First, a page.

It is increasingly more difficult to find providers willing to accept out of state workers' compensation, therefore if you are planning a move it may be time to settle your medical claim by agreeing to a medical set-aside account. With a medical set-aside account the money can be used to pay future medical bills, but are not beholden to the rates of the home state.

Attorney Julie Mirman

Written by Julie Mirman, an Associate Attorney with Berman, Sobin, Gross, Feldman & Darby, specializing in medical treatment coverage under workers' compensation.
Julie Mirman
jmirman@bsgfdlaw.com

What Documents Do I Need to File a Death Claim?

Thursday, June 13, 2019

Filing a Claim for Death Benefits

As attorneys working in workers’ compensation law, we tirelessly fight to ensure that injured workers receive the benefits they are entitled to, the medical treatment they need, and can hopefully get back to work. Unfortunately, not every claimant we represent is able to get back to work and some may succumb to their injury or occupational disease and pass away. We acknowledge that this is an extremely difficult time for you and your family, however it is vastly important for you to understand that you could be entitled to death benefits, and accordingly should gather the documents needed to file a successful death claim.

What do I need to file a claim?

To file a successful death claim, it is your responsibility, with the help of your attorney, to gather the needed documents within the allotted period of time. According to Labor and Employment § 9-710, “[i]f a covered employee dies from an accidental personal injury, the dependents of the covered employee or an individual on their behalf shall, within 18 months after the date of death, file with the Commission: (i) a claim application form (C35); (ii) proof of death; (iii) certificates of any physician who attended the covered employee; and (iv) any other proof that the Commission may require by regulation.” It is critical that you act quickly in obtaining these documents so that you may begin the process for filing a claim. For deaths from accidental injuries, the death has to have occurred within 7 years from the underlying accident. For death’s that are related to an occupational disease, the time frame can be longer and so you should contact an attorney as soon as possible to discuss the statute of limitations as it relates to your specific situation.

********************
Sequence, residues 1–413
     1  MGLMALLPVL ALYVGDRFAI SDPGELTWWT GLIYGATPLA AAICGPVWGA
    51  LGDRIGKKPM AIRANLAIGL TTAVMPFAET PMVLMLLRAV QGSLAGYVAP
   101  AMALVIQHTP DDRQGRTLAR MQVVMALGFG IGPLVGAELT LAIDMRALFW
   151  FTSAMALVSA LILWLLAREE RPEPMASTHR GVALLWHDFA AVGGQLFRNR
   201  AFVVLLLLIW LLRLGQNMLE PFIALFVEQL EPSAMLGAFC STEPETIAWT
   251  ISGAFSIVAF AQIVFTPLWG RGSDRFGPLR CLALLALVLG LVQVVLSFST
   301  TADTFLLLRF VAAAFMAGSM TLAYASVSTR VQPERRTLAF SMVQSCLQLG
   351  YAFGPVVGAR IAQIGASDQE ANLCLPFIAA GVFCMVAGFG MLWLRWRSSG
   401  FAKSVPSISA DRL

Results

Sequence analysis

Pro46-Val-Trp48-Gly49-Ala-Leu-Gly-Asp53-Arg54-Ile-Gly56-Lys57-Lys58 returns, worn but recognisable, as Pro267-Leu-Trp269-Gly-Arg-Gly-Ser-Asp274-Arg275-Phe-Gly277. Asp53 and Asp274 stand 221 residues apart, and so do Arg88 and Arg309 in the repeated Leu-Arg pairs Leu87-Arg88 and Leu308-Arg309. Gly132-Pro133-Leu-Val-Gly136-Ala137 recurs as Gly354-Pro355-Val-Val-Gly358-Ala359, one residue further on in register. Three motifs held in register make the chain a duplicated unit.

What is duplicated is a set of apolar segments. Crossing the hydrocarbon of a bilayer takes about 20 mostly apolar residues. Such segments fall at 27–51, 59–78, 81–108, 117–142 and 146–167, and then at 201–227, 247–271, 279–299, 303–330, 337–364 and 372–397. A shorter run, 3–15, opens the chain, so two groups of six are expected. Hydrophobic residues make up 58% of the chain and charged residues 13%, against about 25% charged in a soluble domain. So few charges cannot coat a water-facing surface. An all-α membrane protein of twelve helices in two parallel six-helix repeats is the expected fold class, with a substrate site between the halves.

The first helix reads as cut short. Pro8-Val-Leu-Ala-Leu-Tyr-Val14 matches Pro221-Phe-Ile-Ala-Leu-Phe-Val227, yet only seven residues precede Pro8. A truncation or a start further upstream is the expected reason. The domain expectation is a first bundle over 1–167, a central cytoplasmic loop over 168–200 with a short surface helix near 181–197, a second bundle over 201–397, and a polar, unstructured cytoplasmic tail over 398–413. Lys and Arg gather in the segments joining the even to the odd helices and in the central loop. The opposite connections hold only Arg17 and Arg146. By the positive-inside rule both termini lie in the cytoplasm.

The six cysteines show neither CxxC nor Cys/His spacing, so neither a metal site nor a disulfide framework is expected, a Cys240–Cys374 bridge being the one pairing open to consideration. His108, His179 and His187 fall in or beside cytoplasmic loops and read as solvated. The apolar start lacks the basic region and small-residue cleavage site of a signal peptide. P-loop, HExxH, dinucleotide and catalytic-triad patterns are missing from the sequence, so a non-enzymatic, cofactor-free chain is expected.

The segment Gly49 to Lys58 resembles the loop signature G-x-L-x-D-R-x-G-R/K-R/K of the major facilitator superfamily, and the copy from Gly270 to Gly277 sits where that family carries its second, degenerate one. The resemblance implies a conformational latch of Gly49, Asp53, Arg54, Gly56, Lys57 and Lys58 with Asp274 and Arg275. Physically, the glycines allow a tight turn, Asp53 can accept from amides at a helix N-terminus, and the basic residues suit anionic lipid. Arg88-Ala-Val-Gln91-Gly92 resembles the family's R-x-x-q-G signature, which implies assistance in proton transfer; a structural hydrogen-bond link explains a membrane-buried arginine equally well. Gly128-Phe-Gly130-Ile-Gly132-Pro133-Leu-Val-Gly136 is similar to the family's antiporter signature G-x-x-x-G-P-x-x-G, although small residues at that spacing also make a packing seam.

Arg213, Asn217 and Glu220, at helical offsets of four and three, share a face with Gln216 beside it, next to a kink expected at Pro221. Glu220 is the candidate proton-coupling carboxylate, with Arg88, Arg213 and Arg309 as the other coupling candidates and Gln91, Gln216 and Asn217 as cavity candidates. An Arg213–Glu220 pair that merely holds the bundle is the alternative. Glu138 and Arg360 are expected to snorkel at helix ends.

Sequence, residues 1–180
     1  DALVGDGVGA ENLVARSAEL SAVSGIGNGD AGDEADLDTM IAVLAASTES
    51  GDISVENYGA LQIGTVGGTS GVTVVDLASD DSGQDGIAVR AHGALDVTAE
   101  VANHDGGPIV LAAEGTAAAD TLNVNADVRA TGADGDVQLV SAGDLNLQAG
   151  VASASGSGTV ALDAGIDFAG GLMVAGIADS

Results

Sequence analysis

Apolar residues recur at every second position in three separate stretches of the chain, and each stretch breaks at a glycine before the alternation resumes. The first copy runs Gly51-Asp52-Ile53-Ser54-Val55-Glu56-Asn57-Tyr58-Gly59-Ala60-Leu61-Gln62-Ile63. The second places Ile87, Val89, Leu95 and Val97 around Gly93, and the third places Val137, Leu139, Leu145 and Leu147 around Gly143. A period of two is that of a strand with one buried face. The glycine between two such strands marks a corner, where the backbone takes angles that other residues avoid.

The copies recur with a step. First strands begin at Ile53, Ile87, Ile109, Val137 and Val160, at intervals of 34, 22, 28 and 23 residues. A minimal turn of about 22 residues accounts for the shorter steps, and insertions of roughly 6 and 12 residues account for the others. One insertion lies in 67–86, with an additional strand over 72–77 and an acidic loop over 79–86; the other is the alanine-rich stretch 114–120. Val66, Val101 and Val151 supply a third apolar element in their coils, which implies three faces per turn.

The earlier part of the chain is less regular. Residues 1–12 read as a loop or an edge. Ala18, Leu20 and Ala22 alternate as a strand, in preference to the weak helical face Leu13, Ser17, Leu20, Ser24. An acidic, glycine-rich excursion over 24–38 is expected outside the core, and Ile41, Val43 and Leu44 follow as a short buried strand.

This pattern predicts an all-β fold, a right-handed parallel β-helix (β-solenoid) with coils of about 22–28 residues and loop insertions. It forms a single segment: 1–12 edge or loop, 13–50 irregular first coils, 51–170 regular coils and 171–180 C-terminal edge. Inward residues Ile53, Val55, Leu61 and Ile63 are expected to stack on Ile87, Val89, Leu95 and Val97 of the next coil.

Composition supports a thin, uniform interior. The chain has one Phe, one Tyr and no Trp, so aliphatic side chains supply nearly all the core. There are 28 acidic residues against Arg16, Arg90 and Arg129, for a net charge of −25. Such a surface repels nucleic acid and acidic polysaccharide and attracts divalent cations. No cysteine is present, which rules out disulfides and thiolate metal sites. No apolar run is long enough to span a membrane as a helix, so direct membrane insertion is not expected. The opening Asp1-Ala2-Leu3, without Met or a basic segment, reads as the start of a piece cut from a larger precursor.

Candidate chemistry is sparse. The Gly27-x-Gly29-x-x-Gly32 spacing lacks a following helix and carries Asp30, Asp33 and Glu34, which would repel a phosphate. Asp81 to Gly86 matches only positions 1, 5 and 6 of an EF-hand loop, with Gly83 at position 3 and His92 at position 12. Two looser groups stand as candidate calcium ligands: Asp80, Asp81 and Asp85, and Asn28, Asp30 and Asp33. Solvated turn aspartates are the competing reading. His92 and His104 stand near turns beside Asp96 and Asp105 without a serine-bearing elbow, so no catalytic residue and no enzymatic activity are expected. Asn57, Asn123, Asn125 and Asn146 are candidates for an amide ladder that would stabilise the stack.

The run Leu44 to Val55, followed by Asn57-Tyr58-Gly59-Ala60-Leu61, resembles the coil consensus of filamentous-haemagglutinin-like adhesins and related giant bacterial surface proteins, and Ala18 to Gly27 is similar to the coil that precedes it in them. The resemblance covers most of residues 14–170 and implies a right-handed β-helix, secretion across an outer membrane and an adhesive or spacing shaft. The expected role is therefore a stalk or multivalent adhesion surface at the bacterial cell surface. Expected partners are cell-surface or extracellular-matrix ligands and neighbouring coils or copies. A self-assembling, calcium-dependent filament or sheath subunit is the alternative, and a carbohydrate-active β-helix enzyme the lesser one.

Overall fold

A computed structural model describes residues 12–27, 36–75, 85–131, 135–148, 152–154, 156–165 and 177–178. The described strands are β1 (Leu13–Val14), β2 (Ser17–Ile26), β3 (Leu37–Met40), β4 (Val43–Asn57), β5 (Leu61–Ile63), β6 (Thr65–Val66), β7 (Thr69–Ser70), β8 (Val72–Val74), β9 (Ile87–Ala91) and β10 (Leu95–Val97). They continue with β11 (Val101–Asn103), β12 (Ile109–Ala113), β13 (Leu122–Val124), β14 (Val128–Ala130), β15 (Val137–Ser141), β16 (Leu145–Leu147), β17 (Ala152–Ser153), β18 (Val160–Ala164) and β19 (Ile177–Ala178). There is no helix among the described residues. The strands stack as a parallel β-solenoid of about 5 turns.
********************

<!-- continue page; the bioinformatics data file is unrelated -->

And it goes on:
Are there any other documents I need?

In addition to what you have gathered, there are other documents that need to be collected and procedure you will need to follow to successfully file your claim. While this information is listed on the claim form C35, here are some of the other documents needed when filing a death claim:

When completing the Dependent Claim for Death Benefits the dependent claimant or authorized individual shall submit:

  • An authorization for disclosure of health information signed by the dependent claimant or authorized individual, directing the deceased employee’s health care providers to disclose to the dependent claimant’s attorney, deceased employee’s attorney, the deceased employee’s employer, the employer’s insurer, or any agent thereof, the deceased employee’s medical records…;
  • A certification of funeral expenses, if the dependent claimant is making a claim for funeral benefits…;
  • A certified copy of the certificate of death for the deceased employee; A certified copy of the certificate of death;
  • A certified copy of the certificate of marriage for a surviving spouse;
  • A certified copy of the certificate of birth for the dependent claimant, if the dependent claimant is the surviving child of the deceased employee.

[A detailed explanation of these requirements is provided on the claim form]

Though you may be reading this as a result of an unfortunate, life-changing event, do not hesitate to contact one of the attorneys at Berman, Sobin, Gross, Feldman & Darby if your spouse has recently passed away as a result of his/her work-related injury or occupational disease so that we may assist you in filing your claim. Death claims are an extremely complex subject, and this blog does not cover each and every legal requirement for filing a claim, that’s why it is so important to contact an attorney as soon as possible to look at the specific situation that you and your loved ones are dealing with.

Attorney Robert Hagans

Call or email me with your questions:
Robert Hagans
rhagans@bsgfdlaw.com